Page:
She’s now back at BBC Radio York presenting the Breakfast Show. Georgey, 50, lives near Boroughbridge.
What is your first Yorkshire memory?
Twenty nine years ago, I arrived in Headingley from London and was going to stay with the mother of one of my friends. I’d be sleeping on the sofa and had come up to work at what was then Yorkshire Television. I drove into Headingley and the car blew up. I was here for only a month to read the news on Calendar. When my month’s probation was up, it was my birthday. So I went to see my boss and said: “My month’s up. Are you going to sack me on my birthday?” Needless to say, he said I could stay. I’ve been blissfully happy here ever since.
What is your favourite part of Yorkshire and why?
Home is where the heart is. I love North Yorkshire, the countryside and the open spaces. We also have the coast just around the corner, so we have the seaside as well. I love Scarborough and have some good memories of the town. Many years ago, I did an outside broadcast with Richard Whiteley at the boating lake at Peasholm Park and I remember, too, interviewing Take That on the seafront.
What is it do you think that gives Yorkshire its unique identity?
The people, absolutely. It’s the wit, the humour and the warmth. You can stand at a set of traffic lights and someone will strike up a conversation with you, but in the South, it’s as if you’ve landed from a spaceship.
Do you have a favourite Yorkshire person?
My partner Peter Ward. We’ve been together for 11 years and he really does have my admiration. He was widowed 12 years ago and was left with two daughters, then aged nine and 11. He had to rise to the challenge and did so remarkably. I think a lot of people would have faltered, but he didn’t. Peter’s brought them up, made a good job of it and didn’t shirk his responsibilities. The girls lost their mum at the worst possible time and Pete did a great job.
If you took out a Yorkshire personality for lunch who would it be? That would have to be James Norton, who’s from Malton. He’s such a versatile actor and someone I’ve been trying for years to get on to the Breakfast Show. When I watched Grantchester, in which he played Sidney, and then I saw the horrible character he played in Happy Valley, I didn’t believe it could be the same actor.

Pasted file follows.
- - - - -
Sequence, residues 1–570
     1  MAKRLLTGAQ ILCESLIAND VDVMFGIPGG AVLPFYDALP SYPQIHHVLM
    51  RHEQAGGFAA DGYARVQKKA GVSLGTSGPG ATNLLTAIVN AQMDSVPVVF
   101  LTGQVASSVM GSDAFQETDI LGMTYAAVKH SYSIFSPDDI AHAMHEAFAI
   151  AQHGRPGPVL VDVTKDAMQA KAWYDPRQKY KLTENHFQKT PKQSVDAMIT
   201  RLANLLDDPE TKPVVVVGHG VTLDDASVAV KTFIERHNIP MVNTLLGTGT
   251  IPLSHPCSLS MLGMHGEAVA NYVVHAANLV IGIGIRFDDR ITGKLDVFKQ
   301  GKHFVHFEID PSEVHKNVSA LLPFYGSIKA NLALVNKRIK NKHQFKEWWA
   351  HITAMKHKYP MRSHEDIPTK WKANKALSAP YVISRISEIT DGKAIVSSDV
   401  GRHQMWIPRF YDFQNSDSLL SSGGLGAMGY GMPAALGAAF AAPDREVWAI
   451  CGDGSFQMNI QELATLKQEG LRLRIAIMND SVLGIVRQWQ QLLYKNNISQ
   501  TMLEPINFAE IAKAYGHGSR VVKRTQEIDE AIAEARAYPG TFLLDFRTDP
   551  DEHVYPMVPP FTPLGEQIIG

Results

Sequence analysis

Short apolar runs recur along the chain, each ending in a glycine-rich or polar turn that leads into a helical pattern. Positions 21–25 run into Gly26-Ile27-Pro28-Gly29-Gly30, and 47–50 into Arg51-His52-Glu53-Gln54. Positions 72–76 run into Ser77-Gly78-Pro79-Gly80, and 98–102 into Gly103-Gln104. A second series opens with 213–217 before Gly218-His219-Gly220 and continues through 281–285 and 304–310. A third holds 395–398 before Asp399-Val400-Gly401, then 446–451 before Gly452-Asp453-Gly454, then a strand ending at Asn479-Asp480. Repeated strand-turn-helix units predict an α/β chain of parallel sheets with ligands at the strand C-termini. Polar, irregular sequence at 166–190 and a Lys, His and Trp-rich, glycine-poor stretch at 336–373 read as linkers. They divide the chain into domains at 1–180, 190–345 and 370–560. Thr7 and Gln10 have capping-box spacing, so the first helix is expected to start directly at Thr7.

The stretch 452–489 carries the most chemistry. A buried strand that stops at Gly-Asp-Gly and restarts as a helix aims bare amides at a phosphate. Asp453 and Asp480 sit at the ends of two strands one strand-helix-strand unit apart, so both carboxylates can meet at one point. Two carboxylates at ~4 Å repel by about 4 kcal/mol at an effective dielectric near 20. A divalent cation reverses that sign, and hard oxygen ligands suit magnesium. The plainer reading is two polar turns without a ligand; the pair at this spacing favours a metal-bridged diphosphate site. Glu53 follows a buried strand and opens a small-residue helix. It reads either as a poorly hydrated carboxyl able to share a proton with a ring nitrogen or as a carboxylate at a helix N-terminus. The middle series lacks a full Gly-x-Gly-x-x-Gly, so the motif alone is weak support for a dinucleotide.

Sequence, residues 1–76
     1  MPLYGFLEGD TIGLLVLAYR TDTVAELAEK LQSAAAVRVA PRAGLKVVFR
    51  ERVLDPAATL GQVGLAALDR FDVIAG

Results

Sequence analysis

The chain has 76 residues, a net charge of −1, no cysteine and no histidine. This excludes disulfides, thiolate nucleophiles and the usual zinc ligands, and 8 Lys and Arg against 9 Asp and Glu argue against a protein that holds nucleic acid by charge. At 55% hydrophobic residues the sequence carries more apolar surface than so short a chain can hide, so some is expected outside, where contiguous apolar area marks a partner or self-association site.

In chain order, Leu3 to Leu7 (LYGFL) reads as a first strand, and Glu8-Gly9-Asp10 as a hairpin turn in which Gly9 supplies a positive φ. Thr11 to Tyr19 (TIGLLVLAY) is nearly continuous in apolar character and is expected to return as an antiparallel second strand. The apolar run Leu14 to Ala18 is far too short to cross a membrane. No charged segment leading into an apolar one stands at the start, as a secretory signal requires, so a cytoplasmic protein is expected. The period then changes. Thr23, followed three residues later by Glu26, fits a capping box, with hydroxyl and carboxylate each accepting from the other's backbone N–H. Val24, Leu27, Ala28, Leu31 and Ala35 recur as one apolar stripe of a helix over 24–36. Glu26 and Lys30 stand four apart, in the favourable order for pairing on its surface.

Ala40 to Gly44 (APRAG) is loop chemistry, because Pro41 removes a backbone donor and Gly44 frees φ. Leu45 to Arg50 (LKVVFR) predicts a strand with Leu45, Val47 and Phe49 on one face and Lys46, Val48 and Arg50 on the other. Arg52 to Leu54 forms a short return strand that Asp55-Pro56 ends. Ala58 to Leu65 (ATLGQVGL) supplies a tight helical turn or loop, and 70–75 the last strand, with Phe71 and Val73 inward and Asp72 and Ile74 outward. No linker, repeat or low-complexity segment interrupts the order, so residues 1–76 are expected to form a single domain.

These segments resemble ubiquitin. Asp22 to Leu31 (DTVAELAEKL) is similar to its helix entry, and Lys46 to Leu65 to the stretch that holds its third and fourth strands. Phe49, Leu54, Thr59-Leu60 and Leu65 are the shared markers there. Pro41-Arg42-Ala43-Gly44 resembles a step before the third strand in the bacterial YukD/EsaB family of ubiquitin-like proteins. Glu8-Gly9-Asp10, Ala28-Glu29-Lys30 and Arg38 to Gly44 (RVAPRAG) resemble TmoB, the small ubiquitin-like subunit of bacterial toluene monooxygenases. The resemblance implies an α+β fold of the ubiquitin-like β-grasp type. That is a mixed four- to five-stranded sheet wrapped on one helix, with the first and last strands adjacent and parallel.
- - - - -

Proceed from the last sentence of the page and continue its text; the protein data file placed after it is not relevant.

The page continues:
And if you had the choice of taking a well-known Yorkshire actress out for dinner who would you choose?
Everyone says Judi Dench and my partner says that is so predictable. Nevertheless, I watched Nothing like a Dame with Maggie Smith, Joan Plowright, Eileen Atkins and Judi Dench, and I thought she seemed like a really funny lady. She said the one thing that she wished she’d known was not to fall in love so often. That struck a chord with me and I thought that was really from the soul and the heart.
Is there a particular Yorkshire sportsman or woman you admire?
Nicola Adams, the boxer. I think Nicola is incredible, she’s top of her game and has a good spirit about her. She’s a role model for women. I know people think “boxing and punching people”, but it is a sport and Nicola is a very good boxer who’s done so well.
Do you have a favourite pub or restaurant?
The Punch Bowl Inn at Marton-cum-Grafton, near Boroughbridge. The staff there are delightful and the food’s good. On a Tuesday night, you can get a steak for two and a bottle of wine all for £15. Here in York, we are spoiled, but I like Cafe No 8 and there’s also the Gillygate across the road from BBC Radio York. They do a good breakfast and it’s owned by Brian Fury, an Irishman with a wit to match.
Do you have a favourite hidden gem?
That’s also in York. It’s called Love Cheese and is run by Harry Baines. It’s very popular and, importantly, it’s an independent shop and has a good cheese selection. There’s a cafe as well and the choice of wines is excellent. Harry’s survived cancer and has gone on to have three children.
If a stranger came to Yorkshire and you had time to take that person to one place only, where would that be?
Without doubt it would be Robin Hood’s Bay, which is so quirky. There’s a good pub on the seafront and while you’re eating your fish and chips you can be bashed by the tide coming in. Then you can walk the meal off by walking up the hill, so you feel you haven’t indulged too much.
How much fun do you get from your job? Too much fun and hopefully it’s the party that everyone wants to come to. Even though it’s a four o’clock start in the morning, I’m very lucky and people are kind to the old woman on the wireless. Yorkshire is the place that has given me my career and, while I started in London at 20, Yorkshire people have welcomed me and looked after me. So I’m firmly rooted here – a Southern belle with a Northern soul.
How do you think Yorkshire has changed, for the better or for the worse, since you’ve known it?
When I arrived 30 years ago, everything shut at 10pm and that was in the centre of Leeds. I’d come from London where everything was open till the early hours of the morning. Now, there are so many places to go to and so many good restaurants and bars. The food is fantastic with so many outstanding chefs in both our towns and the country.